C  OPTIMAL LEVEL, OTHERS HIT AT THE LOW OPTIMAL LEVEL.

      WRITE(LUN2,9313)

 9313 FORMAT(' SAMPLING METHOD: SELECT TARGETS TO STRIKE AT'/

     1'  HIGH OPTIMAL LEVEL WITH SPECIFIED PROBABILITY.  OTHER'/

     1'  TARGETS ARE STRUCK AT LOW OPTIMAL LEVELS.')

      WRITE(LUN0,9307)

 9307 FORMAT(' INPUT PROB OF HITTING A TARGET AT THE HIGH LEVEL:'\)

      READ(LUN0,9310)PHI

 9310 FORMAT(F10.4)

      WRITE(LUN2,9320)PHI

 9320 FORMAT(' PROB OF HITTING EACH TARGET AT THE HIGH LEVEL = ',

     1F10.4)

      ISAMP=0

  709 CONTINUE

      ISAMP=ISAMP+1

      WRITE(LUN0,9323)ISAMP

      WRITE(LUN2,9323)ISAMP

 9323 FORMAT(1H0,'SAMPLE NO ',I3)

      YSUM=0.0

      XSUM=0.0

      YALOC=0.0

      ISUM=0

      DO 705 IT=1,NT

      IHIT(IT)=0

      X4(IT)=X1(IT)

      YUSED=X1(IT)

      CALL RANDU(XX)

      IF(XX.GT.PHI)GO TO 710

      IHIT(IT)=1

      ISUM=ISUM+1

      X4(IT)=X2(IT)

      YUSED=Y2(IT)

  710 CONTINUE

      XSUM=XSUM+X4(IT)

      YALOC=YALOC+Y2(IT)

      YSUM=YSUM+YUSED

  705 CONTINUE

      CALL DAMAG(NT,X4,Y2,P,B,PK,KPOP,POPK,FK)

      WRITE(LUN0,9330)ISUM

      WRITE(LUN2,9330)ISUM

 9330 FORMAT(' NO OF TARGETS HIT AT HIGH LEVEL = ',I3)

      WRITE(LUN0,9340)XSUM

      WRITE(LUN2,9340)XSUM

 9340 FORMAT(' NO OF WEAPONS EXPENDED = ',F14.4)

      WRITE(LUN0,9345)YALOC

      WRITE(LUN2,9345)YALOC

 9345 FORMAT(' NO OF INTERCEPTORS ALLOCATED = ',F14.4)

      WRITE(LUN0,9350)YSUM

      WRITE(LUN2,9350)YSUM

 9350 FORMAT(' NO OF INTERCEPTORS EXPENDED = ',F14.4)

      FK2=KPOP/TPOP

      WRITE(LUN0,9390)

      WRITE(LUN2,9390)

 9390 FORMAT(' TGT NO   VALUE      BETA    #WEAPS    #INTS',

     1'   VALUE DEST  FRAC DEST   IHIGH')

      DO 750 IT=1,NT

      WRITE(LUN0,9391)IT,P(IT),B(IT),X4(IT),Y2(IT),POPK(IT),FK(IT)

     1,IHIT(IT)

      WRITE(LUN2,9391)IT,P(IT),B(IT),X4(IT),Y2(IT),POPK(IT),FK(IT)

     1,IHIT(IT)

 9391 FORMAT(1X,I5,6F10.4,3X,I5)

  750 CONTINUE

      WRITE(LUN0,9095)KPOP

      WRITE(LUN2,9095)KPOP

      WRITE(LUN0,9105)FK2

      WRITE(LUN2,9105)FK2

      WRITE(LUN0,9380)

 9380 FORMAT(' INPUT 1 TO GENERATE ANOTHER SAMPLE, 0 OTHERWISE:'\)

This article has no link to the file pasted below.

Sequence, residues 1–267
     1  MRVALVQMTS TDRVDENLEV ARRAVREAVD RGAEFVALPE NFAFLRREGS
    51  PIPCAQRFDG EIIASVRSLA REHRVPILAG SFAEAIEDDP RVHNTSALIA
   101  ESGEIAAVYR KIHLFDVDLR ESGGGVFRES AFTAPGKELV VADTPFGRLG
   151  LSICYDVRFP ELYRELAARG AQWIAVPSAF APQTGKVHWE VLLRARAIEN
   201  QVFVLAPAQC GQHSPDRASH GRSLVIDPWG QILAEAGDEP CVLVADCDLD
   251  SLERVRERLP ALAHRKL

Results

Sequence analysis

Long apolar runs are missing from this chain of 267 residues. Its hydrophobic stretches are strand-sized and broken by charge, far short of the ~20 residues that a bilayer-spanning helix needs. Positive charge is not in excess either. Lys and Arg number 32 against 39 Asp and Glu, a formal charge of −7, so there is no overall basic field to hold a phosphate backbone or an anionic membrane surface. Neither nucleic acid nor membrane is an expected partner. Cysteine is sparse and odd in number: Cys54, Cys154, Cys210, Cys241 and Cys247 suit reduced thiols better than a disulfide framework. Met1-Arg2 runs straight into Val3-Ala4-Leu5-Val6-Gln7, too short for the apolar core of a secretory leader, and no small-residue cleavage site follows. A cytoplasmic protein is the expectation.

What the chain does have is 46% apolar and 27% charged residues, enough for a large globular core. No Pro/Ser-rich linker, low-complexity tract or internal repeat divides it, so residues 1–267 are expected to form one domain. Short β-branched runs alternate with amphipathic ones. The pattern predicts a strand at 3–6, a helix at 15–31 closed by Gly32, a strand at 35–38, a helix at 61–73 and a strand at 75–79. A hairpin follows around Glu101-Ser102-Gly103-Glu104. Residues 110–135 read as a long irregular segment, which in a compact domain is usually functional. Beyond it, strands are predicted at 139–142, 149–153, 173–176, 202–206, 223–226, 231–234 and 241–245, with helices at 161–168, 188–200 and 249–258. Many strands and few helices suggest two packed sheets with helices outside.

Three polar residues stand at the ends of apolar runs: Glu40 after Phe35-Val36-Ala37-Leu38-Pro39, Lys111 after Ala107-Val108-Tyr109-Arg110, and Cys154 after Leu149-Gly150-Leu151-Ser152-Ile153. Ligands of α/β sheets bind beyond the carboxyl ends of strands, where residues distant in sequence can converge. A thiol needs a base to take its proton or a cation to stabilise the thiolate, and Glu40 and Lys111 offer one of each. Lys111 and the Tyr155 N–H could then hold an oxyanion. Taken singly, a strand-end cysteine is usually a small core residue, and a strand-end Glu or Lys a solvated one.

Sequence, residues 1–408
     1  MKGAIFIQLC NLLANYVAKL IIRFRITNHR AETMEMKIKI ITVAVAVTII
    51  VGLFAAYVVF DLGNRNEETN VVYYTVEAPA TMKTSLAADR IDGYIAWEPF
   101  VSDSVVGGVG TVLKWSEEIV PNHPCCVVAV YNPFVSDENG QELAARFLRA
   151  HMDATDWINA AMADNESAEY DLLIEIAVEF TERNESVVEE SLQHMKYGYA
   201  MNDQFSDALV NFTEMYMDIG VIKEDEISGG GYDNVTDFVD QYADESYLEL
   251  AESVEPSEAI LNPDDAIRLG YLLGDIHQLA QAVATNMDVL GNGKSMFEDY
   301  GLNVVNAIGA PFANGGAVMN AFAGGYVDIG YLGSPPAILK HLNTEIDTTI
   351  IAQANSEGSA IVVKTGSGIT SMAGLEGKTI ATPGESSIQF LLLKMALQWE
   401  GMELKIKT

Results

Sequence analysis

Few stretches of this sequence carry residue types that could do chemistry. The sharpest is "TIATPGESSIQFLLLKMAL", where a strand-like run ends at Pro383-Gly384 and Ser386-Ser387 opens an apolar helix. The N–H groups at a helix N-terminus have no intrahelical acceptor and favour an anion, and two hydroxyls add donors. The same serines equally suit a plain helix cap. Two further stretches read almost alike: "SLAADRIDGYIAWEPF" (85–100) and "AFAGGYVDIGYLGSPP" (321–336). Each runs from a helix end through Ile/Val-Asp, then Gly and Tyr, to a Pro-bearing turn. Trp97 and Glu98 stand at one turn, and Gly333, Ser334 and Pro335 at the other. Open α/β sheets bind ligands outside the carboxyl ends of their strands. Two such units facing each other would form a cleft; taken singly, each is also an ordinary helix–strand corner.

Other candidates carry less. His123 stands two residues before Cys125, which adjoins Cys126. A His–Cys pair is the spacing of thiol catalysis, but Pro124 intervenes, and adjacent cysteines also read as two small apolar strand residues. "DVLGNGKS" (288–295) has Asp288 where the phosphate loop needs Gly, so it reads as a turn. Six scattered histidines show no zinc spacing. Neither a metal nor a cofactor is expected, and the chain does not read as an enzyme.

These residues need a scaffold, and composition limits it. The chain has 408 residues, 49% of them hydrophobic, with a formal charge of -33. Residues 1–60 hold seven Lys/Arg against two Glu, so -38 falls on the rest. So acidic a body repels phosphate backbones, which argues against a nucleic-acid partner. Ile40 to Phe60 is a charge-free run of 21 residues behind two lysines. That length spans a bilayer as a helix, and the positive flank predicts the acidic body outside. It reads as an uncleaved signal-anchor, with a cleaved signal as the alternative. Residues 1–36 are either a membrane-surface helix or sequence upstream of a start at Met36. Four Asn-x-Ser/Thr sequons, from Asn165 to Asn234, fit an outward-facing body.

READ(LUN0,9381)ICONT

 9381 FORMAT(I3)

      IF(ICONT)708,708,709

  708 CONTINUE

      GO TO 700

C  SELECTION OF A PROB SAMPLE OF TARGETS TO HIT AT HIGH OPTIMAL

C  LEVEL, OTHER TARGETS NOT HIT.

  702 CONTINUE

      WRITE(LUN2,9409)

 9409 FORMAT(' SAMPLING METHOD: SELECT TARGETS TO STRIKE AT'/

     1'  HIGH OPTIMAL LEVEL WITH SPECIFIED PROBABILITY.  OTHER'/

     1'  TARGETS ARE NOT STRUCK.')

      WRITE(LUN0,9407)

 9407 FORMAT(' INPUT PROB OF SELECTING A TARGET:'\)

      READ(LUN0,9410)PHI

 9410 FORMAT(F10.4)

      WRITE(LUN2,9420)PHI

 9420 FORMAT(' PROB OF SELECTING A TARGET = ',

     1F10.4)

      ISAMP=0

  809 CONTINUE

      ISAMP=ISAMP+1

      WRITE(LUN0,9423)ISAMP

      WRITE(LUN2,9423)ISAMP

 9423 FORMAT(1H0,'SAMPLE NO ',I3)

      YSUM=0.0

      XSUM=0.0

      YALOC=0.0

      ISUM=0

      DO 805 IT=1,NT

      IHIT(IT)=0

      X4(IT)=0.0

      YUSED=0.0

      CALL RANDU(XX)

      IF(XX.GT.PHI)GO TO 810

      IHIT(IT)=1

      ISUM=ISUM+1

      X4(IT)=X2(IT)

      YUSED=Y2(IT)

  810 CONTINUE

      XSUM=XSUM+X4(IT)

      YALOC=YALOC+Y2(IT)

      YSUM=YSUM+YUSED

  805 CONTINUE

      CALL DAMAG(NT,X4,Y2,P,B,PK,KPOP,POPK,FK)

      WRITE(LUN0,9430)ISUM

      WRITE(LUN2,9430)ISUM

 9430 FORMAT(' NO OF TARGETS HIT  = ',I3)

      WRITE(LUN0,9440)XSUM

      WRITE(LUN2,9440)XSUM

 9440 FORMAT(' NO OF WEAPONS EXPENDED = ',F14.4)

      WRITE(LUN0,9445)YALOC

      WRITE(LUN2,9445)YALOC

 9445 FORMAT(' NO OF INTERCEPTORS ALLOCATED = ',F14.4)

      WRITE(LUN0,9450)YSUM

      WRITE(LUN2,9450)YSUM

 9450 FORMAT(' NO OF INTERCEPTORS EXPENDED = ',F14.4)

      FK2=KPOP/TPOP

      WRITE(LUN0,9490)

      WRITE(LUN2,9490)

 9490 FORMAT(' TGT NO   VALUE      BETA    #WEAPS    #INTS',

     1'   VALUE DEST  FRAC DEST   IHIGH')

      DO 850 IT=1,NT

      WRITE(LUN0,9491)IT,P(IT),B(IT),X4(IT),Y2(IT),POPK(IT),FK(IT)

     1,IHIT(IT)

      WRITE(LUN2,9491)IT,P(IT),B(IT),X4(IT),Y2(IT),POPK(IT),FK(IT)

     1,IHIT(IT)

 9491 FORMAT(1X,I5,6F10.4,3X,I5)

  850 CONTINUE

      WRITE(LUN0,9095)KPOP

      WRITE(LUN2,9095)KPOP

      WRITE(LUN0,9105)FK2

      WRITE(LUN2,9105)FK2

      WRITE(LUN0,9480)

 9480 FORMAT(' INPUT 1 TO GENERATE ANOTHER SAMPLE, 0 OTHERWISE:'\)